“With great power comes great responsibility.” – Voltaire
For those in the digital media space, this quote might be altered to “with great functionality comes great expectations.” Digital advertising is very powerful and flexible, providing amazing abilities to target and track the display, interaction, and downstream actions from virtually any placement on any platform. These amazing capabilities drive high expectations from advertisers. The latest trend in this category is viewability.
Wikipedia defines a Viewable Impression as “a metric of ads which were actually viewable when served (in part, entirely or based on other conditional parameters)”. Viewable impressions are a key component of the 3MS (Making Measurement Make Sense), an industry-wide initiative of the IAB, ANA, and 4A’s (managed by MRC). In a nutshell, it is a way to measure whether a digital ad was actually seen by a human being. On the surface, this type of measurability makes a lot of sense and takes the digital advertising space to a new level of insight and value to advertisers. However, there are some lurking concerns.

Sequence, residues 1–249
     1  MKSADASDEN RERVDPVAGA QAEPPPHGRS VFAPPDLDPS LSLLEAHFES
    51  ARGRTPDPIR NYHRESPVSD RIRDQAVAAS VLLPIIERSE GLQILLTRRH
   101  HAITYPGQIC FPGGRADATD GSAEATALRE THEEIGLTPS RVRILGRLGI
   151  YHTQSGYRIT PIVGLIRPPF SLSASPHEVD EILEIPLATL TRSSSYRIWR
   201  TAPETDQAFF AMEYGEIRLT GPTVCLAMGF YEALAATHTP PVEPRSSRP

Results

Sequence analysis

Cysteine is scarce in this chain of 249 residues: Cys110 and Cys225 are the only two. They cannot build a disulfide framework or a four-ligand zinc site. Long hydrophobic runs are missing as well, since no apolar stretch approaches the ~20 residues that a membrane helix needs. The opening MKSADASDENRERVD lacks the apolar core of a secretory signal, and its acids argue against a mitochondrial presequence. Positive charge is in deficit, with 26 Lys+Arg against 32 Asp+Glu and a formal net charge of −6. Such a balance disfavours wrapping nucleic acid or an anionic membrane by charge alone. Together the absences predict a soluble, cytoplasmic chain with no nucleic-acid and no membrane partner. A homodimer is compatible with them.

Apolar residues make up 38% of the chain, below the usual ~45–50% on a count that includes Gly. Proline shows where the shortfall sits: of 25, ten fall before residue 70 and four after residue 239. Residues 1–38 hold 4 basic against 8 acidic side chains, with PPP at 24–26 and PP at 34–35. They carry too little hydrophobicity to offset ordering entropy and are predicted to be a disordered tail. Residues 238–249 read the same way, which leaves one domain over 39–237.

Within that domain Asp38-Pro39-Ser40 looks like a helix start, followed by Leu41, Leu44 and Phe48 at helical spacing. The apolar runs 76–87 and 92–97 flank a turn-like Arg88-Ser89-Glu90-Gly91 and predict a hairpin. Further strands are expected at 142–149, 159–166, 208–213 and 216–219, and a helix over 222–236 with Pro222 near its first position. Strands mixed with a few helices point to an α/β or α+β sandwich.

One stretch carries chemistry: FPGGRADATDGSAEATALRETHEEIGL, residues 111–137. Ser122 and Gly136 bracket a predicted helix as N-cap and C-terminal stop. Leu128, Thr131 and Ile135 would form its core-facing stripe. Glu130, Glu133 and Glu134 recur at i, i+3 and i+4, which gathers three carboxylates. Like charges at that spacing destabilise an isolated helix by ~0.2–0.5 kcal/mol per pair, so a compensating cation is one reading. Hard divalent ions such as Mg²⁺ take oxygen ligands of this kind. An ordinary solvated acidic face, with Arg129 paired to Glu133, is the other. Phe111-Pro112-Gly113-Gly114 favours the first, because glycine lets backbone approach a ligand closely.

For starters: as ad viewability emerges as a standard, publishers will be incentivized to make certain more ads appear for a longer time in a consumer’s digital view. This could lead to publishers compromising the user experience for the sake of monetization – for example, interstitials and overlay ads running amok. It will be a challenge and balancing act for publishers to maintain great UX while delivering the ad results necessary to grow the business (impressions, CTR, viewability, Action Rate…)
It is also interesting to note how more “traditional” advertising that doesn’t have the functional capabilities of digital get to skate on…for example, what is the “Action Rate” from your latest billboard campaign? Print advertising? TV? Systems that purport to measure these are nowhere near as reliable as digital, so these platforms can maintain $ rates without fear of increased performance demands. Digital cannot. Fair? I think not.
It will be interesting to see how this unfolds and impacts digital media across screens. Thoughts?